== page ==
Many agencies benefit from recruiting more early-career workers to both address the challenge of a growing retirement-eligible population, as well as find new ways to solve problems.
With a different perspective, early-career workers become even more important to the future of the federal workforce, said Pam Coleman, the Office of Management and Budget’s associate director for performance and personnel management.
“It’s OK to take those risks when you’re a digital native,” Coleman said at an Alliance for Digital Innovation event on May 24. “You do something, you try it, you look at it, you iterate, you come back to it, you do it again, you figure out a different way [and] you figure out a better way.”
To support new solutions to problems, as well as enhance the federal recruitment pipeline overall, the President Management Agenda’s first strategy — strengthening and empowering the federal workforce — is right now heavily focused on hiring early-career talent and interns.
“We’re coordinating with a lot of interested groups to better understand the current data, identify opportunities to increase the number of interns, transition more interns to full-time employees and have more paid interns,” Coleman said.
Boosting diversity in federal hiring
But early-career employees are only one piece of the puzzle to improve federal recruitment. Incorporating diversity, equity, inclusion and accessibility can further benefit agencies in changing the way they address new challenges. At the Cybersecurity and Infrastructure Security Agency, leaders are working on a governmentwide effort to hire more diverse technologists.
“We are looking at the next generation of workforce, what that looks like, how we can incorporate diversity and accessibility to the information and training that we have and really share that more broadly,” said Toni Benson, CISA’s cyber education and training lead, at a May 24 federal recruitment panel. “If we can train the federal government, we can also help train the next generation of workforce.”
As part of efforts to enhance DEIA in hiring, Benson said a $2 million initiative with CyberWarrior and NPower is helping CISA strengthen equitable recruitment programs. The contract, which the agency awarded last October, focuses on recruiting a more diverse cybersecurity program by bringing talent from underemployed, underrepresented communities to cybersecurity positions.
“They’re looking at it very holistically — from a training aspect, to an apprenticeship opportunity, to employment,” Benson said. “It was a cooperative agreement, so that means the government can’t be the sole beneficiary of that. We’re really looking at how we can help cultivate talent, not necessarily just to benefit the federal government, but to benefit the whole ecosystem.”
CISA’s initiative to support students at Historically Black Colleges and Universities (HBCUs) aims to garner interest in cybersecurity for underserved communities. But Benson said the effort doesn’t end there.
“You have to be able to help cultivate it at the early part, but then you have to be able to actually get them jobs when it’s all said and done,” Benson said. “It’s not enough just to start an initiative. How does it feed all the way into the workforce?”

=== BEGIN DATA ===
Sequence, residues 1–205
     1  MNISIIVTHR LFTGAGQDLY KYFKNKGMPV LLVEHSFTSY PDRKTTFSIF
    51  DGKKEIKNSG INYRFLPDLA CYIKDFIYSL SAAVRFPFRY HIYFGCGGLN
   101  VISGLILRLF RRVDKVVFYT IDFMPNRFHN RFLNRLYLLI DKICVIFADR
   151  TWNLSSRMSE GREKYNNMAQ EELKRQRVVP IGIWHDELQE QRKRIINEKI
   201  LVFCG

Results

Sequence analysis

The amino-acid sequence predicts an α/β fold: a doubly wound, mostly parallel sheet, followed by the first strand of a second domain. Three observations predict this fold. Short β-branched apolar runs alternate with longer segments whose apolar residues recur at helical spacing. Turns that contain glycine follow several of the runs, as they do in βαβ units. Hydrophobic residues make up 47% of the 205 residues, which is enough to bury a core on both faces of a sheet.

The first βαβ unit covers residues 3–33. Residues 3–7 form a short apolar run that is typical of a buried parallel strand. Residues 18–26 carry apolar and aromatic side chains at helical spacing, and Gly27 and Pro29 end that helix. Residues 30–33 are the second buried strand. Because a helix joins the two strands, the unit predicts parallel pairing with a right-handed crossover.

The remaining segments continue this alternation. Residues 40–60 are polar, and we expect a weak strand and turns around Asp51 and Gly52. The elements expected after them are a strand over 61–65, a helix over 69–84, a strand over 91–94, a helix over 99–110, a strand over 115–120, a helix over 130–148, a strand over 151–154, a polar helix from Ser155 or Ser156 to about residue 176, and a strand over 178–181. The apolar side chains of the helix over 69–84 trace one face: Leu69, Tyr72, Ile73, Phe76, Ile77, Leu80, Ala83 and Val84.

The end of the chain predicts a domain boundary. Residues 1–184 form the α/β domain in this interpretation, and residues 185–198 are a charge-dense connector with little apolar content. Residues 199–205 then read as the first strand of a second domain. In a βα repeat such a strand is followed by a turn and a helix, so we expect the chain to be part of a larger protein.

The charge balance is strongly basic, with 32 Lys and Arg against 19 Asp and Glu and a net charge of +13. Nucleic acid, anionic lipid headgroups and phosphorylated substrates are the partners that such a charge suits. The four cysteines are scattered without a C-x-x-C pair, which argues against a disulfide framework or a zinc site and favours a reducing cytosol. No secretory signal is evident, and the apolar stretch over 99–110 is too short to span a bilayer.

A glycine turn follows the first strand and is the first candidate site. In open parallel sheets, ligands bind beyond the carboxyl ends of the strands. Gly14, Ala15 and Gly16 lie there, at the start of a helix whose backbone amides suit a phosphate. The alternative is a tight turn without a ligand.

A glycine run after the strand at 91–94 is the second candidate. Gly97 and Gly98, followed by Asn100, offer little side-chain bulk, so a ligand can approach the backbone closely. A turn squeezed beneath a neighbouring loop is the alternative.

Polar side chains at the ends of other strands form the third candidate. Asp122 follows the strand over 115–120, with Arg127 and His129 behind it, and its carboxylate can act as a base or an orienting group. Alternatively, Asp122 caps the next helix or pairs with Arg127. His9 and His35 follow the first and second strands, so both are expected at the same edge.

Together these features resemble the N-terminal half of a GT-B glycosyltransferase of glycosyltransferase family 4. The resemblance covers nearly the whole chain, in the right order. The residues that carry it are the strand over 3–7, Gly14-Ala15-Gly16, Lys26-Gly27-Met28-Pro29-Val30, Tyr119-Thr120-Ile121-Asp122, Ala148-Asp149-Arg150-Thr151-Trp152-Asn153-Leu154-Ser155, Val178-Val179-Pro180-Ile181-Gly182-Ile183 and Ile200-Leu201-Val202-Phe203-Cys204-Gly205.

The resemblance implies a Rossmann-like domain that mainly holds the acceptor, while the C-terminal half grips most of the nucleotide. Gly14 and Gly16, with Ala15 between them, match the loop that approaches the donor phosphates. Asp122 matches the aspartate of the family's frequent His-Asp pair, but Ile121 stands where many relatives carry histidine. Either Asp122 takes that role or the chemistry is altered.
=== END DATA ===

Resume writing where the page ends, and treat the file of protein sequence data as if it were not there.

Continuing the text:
Agencies collaborate to recruit feds
To improve federal recruitment strategies, OMB emphasizes collaboration across agencies. For example, the fiscal 2023 budget request plans to build on talent teams, first introduced in the 2022 enacted budget, which share competitive hiring announcements with other agencies.
“This will help decrease the number of public announcements without any selections and increase applicant placement, leading to an improved applicant experience and ensuring agency hiring managers can select the talent they need,” the 2023 budget request’s analytical perspectives section stated.
As another way to collaborate on recruitment, several agencies are piloting the subject matter expert qualification assessment (SMEQA) program. Subject matter experts can help hiring managers find the right people for technical roles, to find more innovative ways to solve problems, Coleman said. OMB has worked with agencies on the SMEQA program to hire, for instance, data scientists and customer experience strategists.
“The U.S. Digital Service, OMB, [the Office of Personnel Management] and the Chief Data Officer Council partnered on a single shared data scientist announcement that resulted in nearly 50 high-level and highly sought-after data scientists accepting permanent job placements in more than a dozen federal agencies,” the budget request stated.
Because of early successes, agencies are now running several more pilots focused more broadly on hiring for technical jobs, as well as using the program to hire for multiple agencies at a time.
“Not only are these agencies using SMEQA, but they’re committed to sharing these extra applicants with other agencies. This is about, ‘how do we help the whole system by using a process that works, and so we don’t have to reinvent every time?’” Coleman said.
Adding to current and previous initiatives, and borrowing other ideas, can help agencies make progress on hiring and retaining workers.
“We’re looking to build on lessons that have already been learned. We don’t have to recreate the wheel,” Coleman said.